Crypto Carbon’s Credibility Conundrum

By Matthew Carpenter-Arévalo

As is clear from the name of this blog, I see value in applying blockchain technology to carbon markets.

If you’d like to receive my weekly newsletter about crypto, climate, and carbon, please sign up to my substack here.

Having said that, there are a lot of problems with carbon markets that blockchain technology does not solve. In addition, there are some new problems that blockchains create. An objective look at carbon markets considers both.

Taking a carbon sequestration project from inception to monetization is incredibly slow, manual, and expensive.

Imagine you’re reforesting: even before you can initiate a project, you have to find a parcel of land, possibly buy it or come to an agreement with the land owner(s), test the soil, project tree growth, and future carbon capture, socialize the project with local communities, source trees, hire people to plant trees, monitor their growth, pay for someone to audit your models, receive a registrar’s certification, and once you’ve jumped through all the hoops, you have to find a buyer that values your reforestation project at a price that represents a return. If you’re in the global south, you probably want to find a buyer in the global north, which is no easy task.By the time you’re able to monetize your project, you may be five years out from when you started.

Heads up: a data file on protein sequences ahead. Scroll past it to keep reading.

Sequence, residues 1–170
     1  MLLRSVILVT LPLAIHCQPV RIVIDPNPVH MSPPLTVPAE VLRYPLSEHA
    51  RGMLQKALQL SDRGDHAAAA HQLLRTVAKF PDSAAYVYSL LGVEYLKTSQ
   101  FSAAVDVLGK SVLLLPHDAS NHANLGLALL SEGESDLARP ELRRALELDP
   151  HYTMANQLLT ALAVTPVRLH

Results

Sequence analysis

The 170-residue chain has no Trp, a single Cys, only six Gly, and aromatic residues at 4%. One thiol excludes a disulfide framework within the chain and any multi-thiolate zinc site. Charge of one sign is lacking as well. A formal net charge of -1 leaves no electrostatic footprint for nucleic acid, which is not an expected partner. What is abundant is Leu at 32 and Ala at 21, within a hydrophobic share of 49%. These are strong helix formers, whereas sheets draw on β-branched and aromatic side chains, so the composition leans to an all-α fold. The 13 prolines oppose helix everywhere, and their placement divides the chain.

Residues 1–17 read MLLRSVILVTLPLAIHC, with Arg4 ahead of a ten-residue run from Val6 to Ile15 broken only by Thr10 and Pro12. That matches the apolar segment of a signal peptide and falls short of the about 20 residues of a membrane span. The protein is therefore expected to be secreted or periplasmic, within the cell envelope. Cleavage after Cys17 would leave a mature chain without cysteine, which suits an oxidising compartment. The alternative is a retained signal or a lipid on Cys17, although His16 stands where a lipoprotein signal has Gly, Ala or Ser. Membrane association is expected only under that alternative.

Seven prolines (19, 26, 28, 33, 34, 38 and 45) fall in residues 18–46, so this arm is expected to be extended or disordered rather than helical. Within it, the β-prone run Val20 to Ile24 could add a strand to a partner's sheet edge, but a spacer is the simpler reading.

I’ve left out a lot of the things from my list that must be done, but you get the point. If you know anything about Blockchain, you can imagine it helping solve a few, but not all of these problems.

On top of all the other problems that must be solved, crypto (I’m using crypto and blockchain interchangeably here and I know I shouldn’t but I will anyway) brings with it its own baggage, and herein lies a major problem.

For example, in the recent State of The Voluntary Carbon Markets 2022 Q3, we find good news for the carbon market overall and bad news for crypto-carbon.

In 2021, according to the researchers, prices for carbon credits climbed by 60%, trading volume increased by 66%, and the total value of the market rose by 2x. Rising tide raises all boats, right? Not quite. To quote the report,

Cryptocurrencies were identified as respondents’ least preferred transaction method. Blockchain, as a disruptive technology for carbon markets, could represent a new area of innovation and demand in the VCM, or if abused, a potential throwback to the days of ‘carbon cowboys’.

Corporations, rather than individuals, are driving the demand for carbon credits in the voluntary carbon market. Even before corporates have begun to look into the blockchain-based technology behind regenerative finance they’re hesitant. Why?